I agree that nobody has come forward with proof that he has done something wrong at Mozilla. Which is why he's still at Mozilla.
But I don't think "hasn't been caught being an egregious bigot at work" is the only bar a CEO of a major nonprofit needs to clear. And whether or not he stays on as CEO, I think it's entirely reasonable for some Mozilla employees to decide that they're better off elsewhere.
Sure, he holds views that some people should be discriminated against, and contributes to political causes advocating that. Lots of people hold those kind of views, and lots of people hold other objectionable views. My objection is to punishing him at work for that, and that alone.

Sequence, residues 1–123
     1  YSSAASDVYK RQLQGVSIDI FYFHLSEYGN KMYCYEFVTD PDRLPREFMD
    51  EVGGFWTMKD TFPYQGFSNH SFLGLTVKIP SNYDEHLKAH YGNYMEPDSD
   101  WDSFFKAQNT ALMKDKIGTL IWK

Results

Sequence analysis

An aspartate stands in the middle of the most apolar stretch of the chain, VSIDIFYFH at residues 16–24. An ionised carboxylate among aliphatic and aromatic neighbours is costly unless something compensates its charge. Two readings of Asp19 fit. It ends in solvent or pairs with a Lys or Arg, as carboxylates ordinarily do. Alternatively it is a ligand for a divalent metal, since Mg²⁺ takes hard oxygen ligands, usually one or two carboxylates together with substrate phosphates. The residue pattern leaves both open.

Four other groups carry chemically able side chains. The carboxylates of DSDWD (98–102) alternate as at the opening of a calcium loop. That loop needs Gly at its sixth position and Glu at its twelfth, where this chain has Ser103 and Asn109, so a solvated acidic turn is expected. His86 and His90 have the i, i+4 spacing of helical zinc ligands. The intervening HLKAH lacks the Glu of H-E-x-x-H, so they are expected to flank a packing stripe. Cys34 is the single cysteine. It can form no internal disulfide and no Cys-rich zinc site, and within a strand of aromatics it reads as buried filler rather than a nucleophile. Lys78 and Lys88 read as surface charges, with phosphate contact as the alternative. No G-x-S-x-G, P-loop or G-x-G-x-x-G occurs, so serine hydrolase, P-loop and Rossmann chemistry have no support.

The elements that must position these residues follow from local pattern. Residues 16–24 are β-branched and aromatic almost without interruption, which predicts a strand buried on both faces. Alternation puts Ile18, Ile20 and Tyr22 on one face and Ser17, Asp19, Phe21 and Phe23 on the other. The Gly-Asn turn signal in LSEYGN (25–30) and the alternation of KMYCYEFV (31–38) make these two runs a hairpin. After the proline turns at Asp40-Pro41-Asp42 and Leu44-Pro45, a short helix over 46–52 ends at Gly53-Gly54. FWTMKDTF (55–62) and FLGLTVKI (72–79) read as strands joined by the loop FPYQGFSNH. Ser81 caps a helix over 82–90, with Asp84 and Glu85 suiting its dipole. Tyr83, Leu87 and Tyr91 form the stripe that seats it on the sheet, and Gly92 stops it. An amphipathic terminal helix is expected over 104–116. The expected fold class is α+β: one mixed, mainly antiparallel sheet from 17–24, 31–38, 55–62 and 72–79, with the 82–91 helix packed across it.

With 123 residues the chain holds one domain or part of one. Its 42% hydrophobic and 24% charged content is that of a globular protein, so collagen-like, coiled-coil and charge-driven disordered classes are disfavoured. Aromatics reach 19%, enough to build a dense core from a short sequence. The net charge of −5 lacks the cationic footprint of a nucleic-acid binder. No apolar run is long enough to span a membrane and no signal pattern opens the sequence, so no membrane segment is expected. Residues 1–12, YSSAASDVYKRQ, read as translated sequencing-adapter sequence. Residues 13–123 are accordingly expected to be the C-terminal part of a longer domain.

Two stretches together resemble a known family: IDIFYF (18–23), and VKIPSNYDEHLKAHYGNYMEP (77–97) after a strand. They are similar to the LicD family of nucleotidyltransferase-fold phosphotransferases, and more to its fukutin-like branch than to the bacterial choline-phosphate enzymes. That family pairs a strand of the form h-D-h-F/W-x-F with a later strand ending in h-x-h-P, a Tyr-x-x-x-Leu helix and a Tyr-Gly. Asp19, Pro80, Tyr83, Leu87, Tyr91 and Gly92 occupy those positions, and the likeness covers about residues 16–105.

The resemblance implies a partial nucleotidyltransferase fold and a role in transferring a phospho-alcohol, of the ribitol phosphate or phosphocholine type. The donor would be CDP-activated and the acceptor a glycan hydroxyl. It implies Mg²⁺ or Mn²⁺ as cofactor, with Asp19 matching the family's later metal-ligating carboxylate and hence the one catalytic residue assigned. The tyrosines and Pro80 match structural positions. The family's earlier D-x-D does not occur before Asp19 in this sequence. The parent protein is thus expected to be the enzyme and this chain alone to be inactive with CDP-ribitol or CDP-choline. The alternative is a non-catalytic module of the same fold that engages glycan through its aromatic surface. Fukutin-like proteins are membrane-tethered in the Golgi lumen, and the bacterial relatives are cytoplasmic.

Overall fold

I'm fine with Mozilla employees deciding that they're better off somewhere else, because they don't like their boss for any reason. That's their decision about who they associate with.
I think it's more of a problem when they decide he should be somewhere else because they don't like his opinions, or his political actions. I think that's discriminatory, and a large problem in a free society.